The CEOs of Orange and Alcatel-Lucent continue to call for greater consolidation on the French market--a move they say would provide a more level playing field for the market's mobile operators.
Orange CEO, Stephane Richard
According to Reuters, Orange CEO Stephane Richard said consolidation has now become an "urgent" need, and that there could be some movement in this direction in the coming weeks.
"It is urgent after the deal that was signed between SFR and Numericable," Richard said in an interview with French radio BFM, Reuters reported.
While Orange and the French government had hoped SFR would merge with Bouygues Telecom to reduce the number of French mobile players from four to three, Vivendi agreed to sell the unit to Altice instead. Altice plans to merge the mobile operator with its majority-owned Numericable cable unit, thus creating an even stronger player on the market that would compete with Orange, Bouygues Telecom and Free.
Alcatel-Lucent CEO Michel Combes also added his voice in favour of a greater consolidation of the market, saying it was time to reform the country's politics of competition, according to Les Echos. Also interviewed by BFM this week, Combes said a greater "rapprochement" between operators would allow them to realise the necessary investments for their networks. That, of course, would be good for Alcatel-Lucent's business too.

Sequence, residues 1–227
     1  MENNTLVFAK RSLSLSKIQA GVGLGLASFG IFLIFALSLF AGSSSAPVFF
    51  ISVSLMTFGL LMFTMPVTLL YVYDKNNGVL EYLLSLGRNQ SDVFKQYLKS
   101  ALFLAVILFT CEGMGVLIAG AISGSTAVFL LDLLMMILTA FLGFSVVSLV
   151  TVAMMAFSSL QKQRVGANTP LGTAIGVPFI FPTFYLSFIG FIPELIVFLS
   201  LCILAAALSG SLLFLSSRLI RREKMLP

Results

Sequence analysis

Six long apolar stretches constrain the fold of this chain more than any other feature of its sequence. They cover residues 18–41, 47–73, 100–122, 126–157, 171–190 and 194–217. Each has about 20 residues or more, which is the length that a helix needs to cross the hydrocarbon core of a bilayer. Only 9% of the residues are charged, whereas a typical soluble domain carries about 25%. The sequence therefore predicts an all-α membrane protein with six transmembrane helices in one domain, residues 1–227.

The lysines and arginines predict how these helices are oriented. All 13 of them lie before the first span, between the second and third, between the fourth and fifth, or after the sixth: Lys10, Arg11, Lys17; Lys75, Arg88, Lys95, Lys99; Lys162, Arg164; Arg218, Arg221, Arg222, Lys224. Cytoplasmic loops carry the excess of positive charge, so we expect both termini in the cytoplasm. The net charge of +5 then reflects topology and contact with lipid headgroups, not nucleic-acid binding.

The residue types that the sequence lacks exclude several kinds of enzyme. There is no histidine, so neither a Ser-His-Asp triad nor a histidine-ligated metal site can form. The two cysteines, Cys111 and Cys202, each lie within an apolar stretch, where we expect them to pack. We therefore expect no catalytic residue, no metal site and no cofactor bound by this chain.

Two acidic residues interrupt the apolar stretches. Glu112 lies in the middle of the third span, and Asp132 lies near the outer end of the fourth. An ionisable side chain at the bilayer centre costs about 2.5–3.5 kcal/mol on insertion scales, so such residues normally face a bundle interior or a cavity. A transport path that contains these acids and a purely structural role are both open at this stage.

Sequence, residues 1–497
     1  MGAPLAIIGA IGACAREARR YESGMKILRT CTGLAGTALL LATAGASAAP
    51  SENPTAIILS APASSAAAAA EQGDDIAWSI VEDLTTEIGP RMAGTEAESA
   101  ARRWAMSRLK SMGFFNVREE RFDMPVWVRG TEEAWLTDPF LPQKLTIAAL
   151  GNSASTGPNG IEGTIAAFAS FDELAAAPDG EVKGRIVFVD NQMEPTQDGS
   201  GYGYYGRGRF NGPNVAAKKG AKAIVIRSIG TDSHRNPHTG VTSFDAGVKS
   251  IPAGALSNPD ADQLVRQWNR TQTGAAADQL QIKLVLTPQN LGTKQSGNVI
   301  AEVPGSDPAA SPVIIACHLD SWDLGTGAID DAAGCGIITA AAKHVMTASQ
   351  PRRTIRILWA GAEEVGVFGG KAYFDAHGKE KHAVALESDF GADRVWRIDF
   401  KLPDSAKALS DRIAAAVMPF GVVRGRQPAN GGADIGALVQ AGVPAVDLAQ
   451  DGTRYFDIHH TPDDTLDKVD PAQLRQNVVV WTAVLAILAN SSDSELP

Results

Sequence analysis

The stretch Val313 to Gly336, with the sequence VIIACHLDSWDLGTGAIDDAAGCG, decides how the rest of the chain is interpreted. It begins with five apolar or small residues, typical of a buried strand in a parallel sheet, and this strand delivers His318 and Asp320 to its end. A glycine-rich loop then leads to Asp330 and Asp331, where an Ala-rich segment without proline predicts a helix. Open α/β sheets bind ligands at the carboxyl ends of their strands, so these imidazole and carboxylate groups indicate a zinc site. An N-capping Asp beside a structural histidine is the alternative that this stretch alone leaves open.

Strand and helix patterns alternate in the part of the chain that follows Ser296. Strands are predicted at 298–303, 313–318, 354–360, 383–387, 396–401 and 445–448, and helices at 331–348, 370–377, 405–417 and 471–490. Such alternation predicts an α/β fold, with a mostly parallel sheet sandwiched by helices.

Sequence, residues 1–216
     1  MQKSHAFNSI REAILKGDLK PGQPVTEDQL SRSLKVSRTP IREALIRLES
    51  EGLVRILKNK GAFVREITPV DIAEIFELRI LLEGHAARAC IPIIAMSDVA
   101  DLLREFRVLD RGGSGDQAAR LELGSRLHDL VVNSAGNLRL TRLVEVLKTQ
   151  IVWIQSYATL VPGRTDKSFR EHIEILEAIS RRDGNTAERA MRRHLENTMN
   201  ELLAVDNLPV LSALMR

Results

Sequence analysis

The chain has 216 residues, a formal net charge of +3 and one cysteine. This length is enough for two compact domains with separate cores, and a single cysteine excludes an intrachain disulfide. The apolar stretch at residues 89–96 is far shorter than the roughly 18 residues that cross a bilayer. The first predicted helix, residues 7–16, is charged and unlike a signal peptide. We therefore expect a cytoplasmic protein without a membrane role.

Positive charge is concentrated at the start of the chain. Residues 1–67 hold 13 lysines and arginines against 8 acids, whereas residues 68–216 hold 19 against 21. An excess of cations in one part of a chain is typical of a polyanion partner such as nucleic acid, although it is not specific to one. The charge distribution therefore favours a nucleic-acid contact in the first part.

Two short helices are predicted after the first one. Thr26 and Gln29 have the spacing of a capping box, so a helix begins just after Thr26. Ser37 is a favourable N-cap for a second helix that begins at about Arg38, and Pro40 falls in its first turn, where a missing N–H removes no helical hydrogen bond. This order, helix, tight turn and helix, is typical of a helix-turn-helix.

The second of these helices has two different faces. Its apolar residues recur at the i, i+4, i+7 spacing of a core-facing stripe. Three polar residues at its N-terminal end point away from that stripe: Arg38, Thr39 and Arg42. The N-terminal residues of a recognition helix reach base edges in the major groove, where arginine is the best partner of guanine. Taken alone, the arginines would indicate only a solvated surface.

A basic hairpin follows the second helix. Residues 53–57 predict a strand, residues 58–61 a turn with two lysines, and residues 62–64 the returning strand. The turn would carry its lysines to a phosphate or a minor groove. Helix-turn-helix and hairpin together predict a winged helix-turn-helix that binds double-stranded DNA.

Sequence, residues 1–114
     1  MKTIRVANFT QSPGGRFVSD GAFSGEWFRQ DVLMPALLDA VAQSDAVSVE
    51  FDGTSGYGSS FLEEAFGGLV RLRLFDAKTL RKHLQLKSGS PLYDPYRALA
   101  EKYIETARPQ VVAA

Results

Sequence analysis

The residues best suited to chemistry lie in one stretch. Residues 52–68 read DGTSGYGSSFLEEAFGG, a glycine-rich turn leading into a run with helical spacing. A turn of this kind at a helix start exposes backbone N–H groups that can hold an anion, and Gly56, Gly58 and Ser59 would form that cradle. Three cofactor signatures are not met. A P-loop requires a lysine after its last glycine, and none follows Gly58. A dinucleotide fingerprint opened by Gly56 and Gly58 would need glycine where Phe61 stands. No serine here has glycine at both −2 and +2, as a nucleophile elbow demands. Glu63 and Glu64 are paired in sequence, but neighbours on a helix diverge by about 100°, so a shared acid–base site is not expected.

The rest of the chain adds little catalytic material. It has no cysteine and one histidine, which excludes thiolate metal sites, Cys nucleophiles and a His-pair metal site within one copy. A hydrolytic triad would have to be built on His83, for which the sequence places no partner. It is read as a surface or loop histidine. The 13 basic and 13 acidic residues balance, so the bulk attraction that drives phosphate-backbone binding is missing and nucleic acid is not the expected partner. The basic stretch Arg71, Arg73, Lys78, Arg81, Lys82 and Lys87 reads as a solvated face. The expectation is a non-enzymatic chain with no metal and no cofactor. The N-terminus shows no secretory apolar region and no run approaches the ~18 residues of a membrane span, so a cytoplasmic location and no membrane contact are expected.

France's government has already been pushing for greater telecoms consolidation to reduce competition, and reports emerged earlier in May that Orange is in talks with Bouygues over a possible merger with its telecoms unit. Numericable has also made an offer to buy Virgin Mobile France, which operates as a full mobile virtual network operator (MVNO).
The French mobile market has only just started to emerge from a ruinous price war that has seen the launch of low-cost brands such as Orange's Sosh and Bouygues Telecom's B&YOU to compete with the more competitive tariffs launched by Iliad's Free Mobile.
French regulator Arcep reported recently that although prices dropped very rapidly between mid-2012 and spring 2013, the rate of decline has slowed considerably since then.
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